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Exploring the psychological aspects of sport injury
Exploring the psychological aspects of sport injury

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2.1 Effective goal setting

Obviously, the goals you set need to be appropriate – goals that are unrealistic can have a negative impact on motivation. In the next activity you will examine some principles of effective goal setting.

Activity 2 Goal setting in practice

Timing: Allow about 15 minutes

Watch the video below which looks at goal setting in sport and then answer the questions that follow. watch?v=MeChdwU-53E [Tip: hold Ctrl and click a link to open it in a new tab. (Hide tip)]

Video transcript

  1. Look at the following examples of goals set by our case study Lois. Decide whether each of Lois’s goals (a, b and c) is a process, performance or outcome goal:
    • a.Goal: to return to the track by September
    • b.Goal: to increase my personal best on calf raises
    • c.Goal: to focus on staying high on my toes as I run.
  2. What is SMARTER? Using SMARTER, try to improve the wording of the goal below, set for our case study Travis:

    Goal: to improve fitness.

  3. Why do you think it is important to set both short-term and long-term goals?
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  1. Lois’s goals can be categorised as follows:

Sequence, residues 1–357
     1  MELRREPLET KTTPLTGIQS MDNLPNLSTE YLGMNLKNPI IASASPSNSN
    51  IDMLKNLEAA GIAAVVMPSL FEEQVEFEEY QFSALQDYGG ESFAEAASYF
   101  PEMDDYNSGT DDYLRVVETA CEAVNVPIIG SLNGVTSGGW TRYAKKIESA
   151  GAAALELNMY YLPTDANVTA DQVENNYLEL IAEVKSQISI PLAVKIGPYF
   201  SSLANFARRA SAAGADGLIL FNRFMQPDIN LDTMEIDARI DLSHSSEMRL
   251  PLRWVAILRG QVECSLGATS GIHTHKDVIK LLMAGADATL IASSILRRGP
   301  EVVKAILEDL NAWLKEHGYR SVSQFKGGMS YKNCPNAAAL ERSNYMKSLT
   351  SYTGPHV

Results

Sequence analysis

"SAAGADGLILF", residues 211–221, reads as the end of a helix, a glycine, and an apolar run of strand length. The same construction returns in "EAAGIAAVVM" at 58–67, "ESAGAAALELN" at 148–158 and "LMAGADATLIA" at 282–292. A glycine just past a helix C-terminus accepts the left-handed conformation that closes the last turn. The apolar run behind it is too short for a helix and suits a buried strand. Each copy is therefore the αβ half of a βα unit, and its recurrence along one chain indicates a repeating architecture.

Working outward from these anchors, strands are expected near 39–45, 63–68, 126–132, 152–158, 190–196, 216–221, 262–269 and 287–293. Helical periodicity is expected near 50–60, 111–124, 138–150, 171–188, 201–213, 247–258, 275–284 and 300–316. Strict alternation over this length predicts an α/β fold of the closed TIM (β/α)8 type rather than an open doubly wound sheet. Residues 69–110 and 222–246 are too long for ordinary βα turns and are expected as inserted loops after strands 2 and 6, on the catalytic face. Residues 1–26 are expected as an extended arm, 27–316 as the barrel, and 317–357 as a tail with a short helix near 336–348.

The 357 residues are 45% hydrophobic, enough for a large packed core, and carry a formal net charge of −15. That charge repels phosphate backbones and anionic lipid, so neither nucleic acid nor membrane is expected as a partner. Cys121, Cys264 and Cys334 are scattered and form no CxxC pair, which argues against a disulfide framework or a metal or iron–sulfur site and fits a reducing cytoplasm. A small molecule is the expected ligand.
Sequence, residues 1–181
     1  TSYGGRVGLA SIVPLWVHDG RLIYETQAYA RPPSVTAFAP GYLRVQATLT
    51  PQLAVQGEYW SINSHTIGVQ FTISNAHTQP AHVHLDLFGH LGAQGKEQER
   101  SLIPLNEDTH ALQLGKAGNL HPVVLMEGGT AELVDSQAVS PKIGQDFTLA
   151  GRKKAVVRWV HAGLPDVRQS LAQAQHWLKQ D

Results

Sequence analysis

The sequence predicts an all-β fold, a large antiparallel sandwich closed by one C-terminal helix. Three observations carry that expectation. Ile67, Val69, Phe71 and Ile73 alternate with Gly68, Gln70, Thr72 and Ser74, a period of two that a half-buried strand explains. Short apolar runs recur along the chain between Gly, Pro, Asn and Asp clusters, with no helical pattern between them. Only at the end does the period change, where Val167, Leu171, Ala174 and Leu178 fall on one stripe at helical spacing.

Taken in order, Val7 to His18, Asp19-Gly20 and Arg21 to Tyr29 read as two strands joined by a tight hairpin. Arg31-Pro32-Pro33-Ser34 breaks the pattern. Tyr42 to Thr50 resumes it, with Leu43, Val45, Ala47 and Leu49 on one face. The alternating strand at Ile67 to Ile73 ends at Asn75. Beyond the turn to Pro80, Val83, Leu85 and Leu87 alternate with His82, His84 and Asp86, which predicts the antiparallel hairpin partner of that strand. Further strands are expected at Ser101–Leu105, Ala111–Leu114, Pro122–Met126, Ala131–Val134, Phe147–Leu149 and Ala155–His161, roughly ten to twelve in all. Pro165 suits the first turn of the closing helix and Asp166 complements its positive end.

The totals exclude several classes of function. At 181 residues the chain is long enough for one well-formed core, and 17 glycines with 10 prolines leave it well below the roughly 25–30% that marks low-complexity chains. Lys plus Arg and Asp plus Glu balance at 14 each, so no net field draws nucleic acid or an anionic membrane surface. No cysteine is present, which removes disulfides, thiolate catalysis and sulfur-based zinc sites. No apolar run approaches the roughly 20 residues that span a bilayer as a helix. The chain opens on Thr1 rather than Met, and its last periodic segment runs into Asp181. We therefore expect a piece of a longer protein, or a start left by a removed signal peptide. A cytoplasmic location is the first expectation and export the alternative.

• a.outcome goal,
    • b.performance goal,
    • c.process goal.
  2. SMARTER is an acronym which reminds us of key goal setting principles (specific, measurable, attainable, relevant, timely, evaluated and rewarded). You may already be familiar with it or the shorter SMART version, or you may be familiar with a slightly different version.

    Travis’s goal doesn’t adhere to the SMARTER principles. For example, it is not very specific – what aspect of fitness? The goal would be improved by adding a more specific component of fitness such as strength. You could get even more specific by stating which muscle groups or exercises. To make the goal measurable you could add the target weight or repetitions. The target weight or repetitions would need to be realistic (attainable) and the exercises would need to be relevant to Travis’s rehabilitation.

    The goal could also be enhanced by setting a realistic timeframe for its achievement (timely). The goal should be evaluated so that progress can be seen and a reward for achievement may motivate Travis. An adjusted goal might read something like:

    Goal: to improve upper body strength on the bench press exercise to 60kg in six weeks.

  3. Ultimately the key goal for most athletes is a return to sports performance at pre-injury levels. However, for some athletes this ultimate goal can seem too distant. which is why it is important to set both short-term and long-term goals. A long-term goal to return to sport needs to be supported by a series of short-term goals that lead to this ultimate goal. These can be thought of as stepping stones towards the ultimate goal, each of which gives the athlete something to focus on that is tangible. These shorter-term goals can be broken down into smaller and smaller sub-goals.

Injury rehabilitation can be unpredictable – this can sometimes make goal setting a difficult task, and at times goals won’t be achieved. In these situations, it is important that you try to frame positively in order to maximise the individual’s motivation and positive attitude towards rehabilitation. Therefore, it is recommended that where necessary you focus on the degree of goal attainment rather than absolute attainment. For example, if an individual hasn’t fully achieved a goal you might emphasise the progress made towards it instead – focusing on the improvement from last time rather than the failure to achieve the target.

Next you’ll look at the role of social support in sport injury rehabilitation.